In our Decades in Days series, we talk to the people leading change in local government. They tell us about their work, their place, and the effect of COVID-19 on both. We find out how they are dealing with the incredible demands of a pandemic, and how this moment might be used to shift and shape public services for good. This week, we speak to Kushal Birla, Assistant Director – Business and Customer Services, at NLGN member Warwickshire County Council.
COVID-19 has resulted in one of the biggest social experiments in peace time. Within days and weeks, the country, councils, the voluntary sector and communities came together to respond to a crisis which has no rules or boundaries.
It was transformational how we galvanised the whole workforce in days. We worked with district and borough councils, emergency services, community and voluntary sectors and military planners to put the shielding hub together; to ensure all our extremely vulnerable people were protected; we set up local delivery hubs, the new hotline freephone number and sent information to the residents. Council staff were reassigned to help in the shielding hub, with befriending calls, delivering library books – everything. It’s just amplified our can-do mindset. I’m very proud of my colleagues who have just got on with it.
Communities have shown they can just get on with it – they don’t always need the local authority there. During the pandemic, people have got down to basics; they haven’t unnecessarily complicated things. Things like putting leaflets through neighbours’ doors, volunteering, setting up WhatsApp groups asking, ‘Do you need anything? Shopping? Medicine?’
Sometimes local government should take the lead, sometimes we should co-produce and other times participate and support. Relationships and dialogue building are really important. We have to leave job titles and egos at home and focus on why we’re all here.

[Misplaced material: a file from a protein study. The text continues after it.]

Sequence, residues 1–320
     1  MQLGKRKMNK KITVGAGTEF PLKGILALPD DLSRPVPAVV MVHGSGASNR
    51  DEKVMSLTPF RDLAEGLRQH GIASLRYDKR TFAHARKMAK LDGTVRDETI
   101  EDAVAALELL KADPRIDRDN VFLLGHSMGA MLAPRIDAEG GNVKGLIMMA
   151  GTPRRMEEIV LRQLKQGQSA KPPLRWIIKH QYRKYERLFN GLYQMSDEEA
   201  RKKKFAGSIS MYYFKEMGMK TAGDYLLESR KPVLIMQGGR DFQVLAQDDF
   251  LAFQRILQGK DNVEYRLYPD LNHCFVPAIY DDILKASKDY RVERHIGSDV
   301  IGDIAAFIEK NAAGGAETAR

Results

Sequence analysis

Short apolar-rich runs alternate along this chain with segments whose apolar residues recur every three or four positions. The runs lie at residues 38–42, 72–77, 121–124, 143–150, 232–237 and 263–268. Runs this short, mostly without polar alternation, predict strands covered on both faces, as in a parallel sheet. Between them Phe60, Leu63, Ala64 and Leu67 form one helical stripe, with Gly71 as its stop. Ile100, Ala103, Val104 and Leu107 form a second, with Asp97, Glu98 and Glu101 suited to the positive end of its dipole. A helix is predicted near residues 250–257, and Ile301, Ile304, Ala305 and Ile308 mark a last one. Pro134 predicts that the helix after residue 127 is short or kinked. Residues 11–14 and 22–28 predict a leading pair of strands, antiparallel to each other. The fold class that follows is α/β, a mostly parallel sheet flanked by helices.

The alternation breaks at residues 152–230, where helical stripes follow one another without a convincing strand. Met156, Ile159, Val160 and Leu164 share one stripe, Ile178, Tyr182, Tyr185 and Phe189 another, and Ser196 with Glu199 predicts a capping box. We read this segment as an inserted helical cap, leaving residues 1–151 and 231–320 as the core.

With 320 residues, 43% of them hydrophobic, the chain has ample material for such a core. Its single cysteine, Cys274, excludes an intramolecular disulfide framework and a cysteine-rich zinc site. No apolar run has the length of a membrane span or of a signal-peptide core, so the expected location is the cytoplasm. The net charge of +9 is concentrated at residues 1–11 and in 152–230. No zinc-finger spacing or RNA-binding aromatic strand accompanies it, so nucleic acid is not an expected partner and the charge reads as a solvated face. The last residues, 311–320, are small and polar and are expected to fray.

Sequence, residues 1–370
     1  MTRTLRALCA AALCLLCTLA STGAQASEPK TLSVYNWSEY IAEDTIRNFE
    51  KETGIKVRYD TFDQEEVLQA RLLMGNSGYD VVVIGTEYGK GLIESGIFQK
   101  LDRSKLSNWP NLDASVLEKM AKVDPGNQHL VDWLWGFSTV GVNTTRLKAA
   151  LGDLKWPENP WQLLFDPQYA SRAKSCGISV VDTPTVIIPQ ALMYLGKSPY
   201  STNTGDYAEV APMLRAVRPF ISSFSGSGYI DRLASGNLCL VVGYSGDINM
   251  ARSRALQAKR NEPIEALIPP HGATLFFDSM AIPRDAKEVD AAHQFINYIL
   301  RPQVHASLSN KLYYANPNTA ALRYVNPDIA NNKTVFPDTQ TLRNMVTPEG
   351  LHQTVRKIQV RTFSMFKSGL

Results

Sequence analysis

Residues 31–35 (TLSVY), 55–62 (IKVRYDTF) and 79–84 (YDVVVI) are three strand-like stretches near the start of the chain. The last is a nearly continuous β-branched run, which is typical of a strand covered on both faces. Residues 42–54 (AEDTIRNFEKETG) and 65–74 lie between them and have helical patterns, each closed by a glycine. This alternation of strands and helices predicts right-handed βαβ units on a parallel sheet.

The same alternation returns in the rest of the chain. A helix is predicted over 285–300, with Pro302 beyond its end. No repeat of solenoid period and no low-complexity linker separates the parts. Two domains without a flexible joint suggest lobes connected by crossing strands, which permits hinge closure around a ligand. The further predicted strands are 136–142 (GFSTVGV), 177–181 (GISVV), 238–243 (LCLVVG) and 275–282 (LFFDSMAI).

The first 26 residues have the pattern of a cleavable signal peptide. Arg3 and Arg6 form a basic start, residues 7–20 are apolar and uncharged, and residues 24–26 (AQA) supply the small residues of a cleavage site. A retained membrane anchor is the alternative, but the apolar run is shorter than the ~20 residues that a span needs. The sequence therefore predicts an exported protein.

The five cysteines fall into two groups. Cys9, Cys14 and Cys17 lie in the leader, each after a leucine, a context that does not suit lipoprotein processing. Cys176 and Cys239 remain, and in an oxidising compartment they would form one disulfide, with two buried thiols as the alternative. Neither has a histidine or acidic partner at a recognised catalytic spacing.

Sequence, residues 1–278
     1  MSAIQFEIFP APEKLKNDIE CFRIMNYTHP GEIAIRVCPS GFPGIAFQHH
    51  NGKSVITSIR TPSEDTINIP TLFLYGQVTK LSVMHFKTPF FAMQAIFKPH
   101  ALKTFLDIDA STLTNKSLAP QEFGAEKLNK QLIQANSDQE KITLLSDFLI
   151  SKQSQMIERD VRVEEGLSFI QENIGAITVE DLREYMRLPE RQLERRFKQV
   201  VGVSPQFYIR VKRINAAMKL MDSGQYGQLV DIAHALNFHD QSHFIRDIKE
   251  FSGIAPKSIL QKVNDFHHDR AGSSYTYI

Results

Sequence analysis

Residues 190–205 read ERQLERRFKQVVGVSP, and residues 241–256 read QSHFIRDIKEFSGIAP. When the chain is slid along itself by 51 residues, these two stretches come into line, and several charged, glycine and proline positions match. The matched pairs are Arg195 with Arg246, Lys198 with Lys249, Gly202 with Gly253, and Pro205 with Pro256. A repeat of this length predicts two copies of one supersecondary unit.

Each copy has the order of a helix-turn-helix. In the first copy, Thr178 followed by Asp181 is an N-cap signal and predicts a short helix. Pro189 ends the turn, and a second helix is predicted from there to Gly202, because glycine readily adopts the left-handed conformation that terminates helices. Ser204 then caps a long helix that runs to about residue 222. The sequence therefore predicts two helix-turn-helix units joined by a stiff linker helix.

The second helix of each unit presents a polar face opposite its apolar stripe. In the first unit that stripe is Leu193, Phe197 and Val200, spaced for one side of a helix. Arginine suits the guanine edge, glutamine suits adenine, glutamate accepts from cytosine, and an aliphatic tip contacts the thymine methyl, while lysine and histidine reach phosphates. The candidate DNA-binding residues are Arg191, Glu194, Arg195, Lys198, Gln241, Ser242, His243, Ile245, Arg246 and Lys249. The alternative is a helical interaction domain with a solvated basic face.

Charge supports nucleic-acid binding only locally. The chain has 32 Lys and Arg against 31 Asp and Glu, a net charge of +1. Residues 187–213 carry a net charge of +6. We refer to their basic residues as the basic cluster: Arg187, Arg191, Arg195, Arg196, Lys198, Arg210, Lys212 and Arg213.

Handing over our libraries to the community was a game changer. A few years ago, we transferred around half of our libraries to community control. It completely changed what library spaces are used for, opening them up to do so much more for communities. They’ve hosted dance lessons, pantomimes, fish and chips suppers, film screenings as well as providing a library service. These libraries are now vibrant places that bring all kinds of groups together.
It sounds very sentimental, but it was the idea of public service that drew me to this work. Doing something for other people gives you a sense of fulfilment which is long lasting. It’s the reason we’re here – we are serving the public – and it’s very important we don’t forget that.
I grew up mostly in Kenya and Malawi. I first came to Leamington Spa to do a law degree. I must say, I find Warwickshire very beautiful. We have a lot of advantages – networks to connect into cities, but also lovely countryside. We’ve got diversity as well. I would describe myself as a townie – so living in Leamington Spa suits me well. What ultimately makes somewhere home is the relationships you make with the people living in the area. Family, friends and colleagues make this a rich place.
During the pandemic we’ve all had to work together and deliver services at pace – that’s what I’d like to bottle. Next, I’d like to think about the role of these communities in society’s recovery and ask how we as a council can strengthen the roots we’ve helped to establish.
I don’t think any other type of organisation can offer so much variety. I’ve done a number of jobs here it’s almost like I’ve worked for dozens of different organisations. It’s such a great career.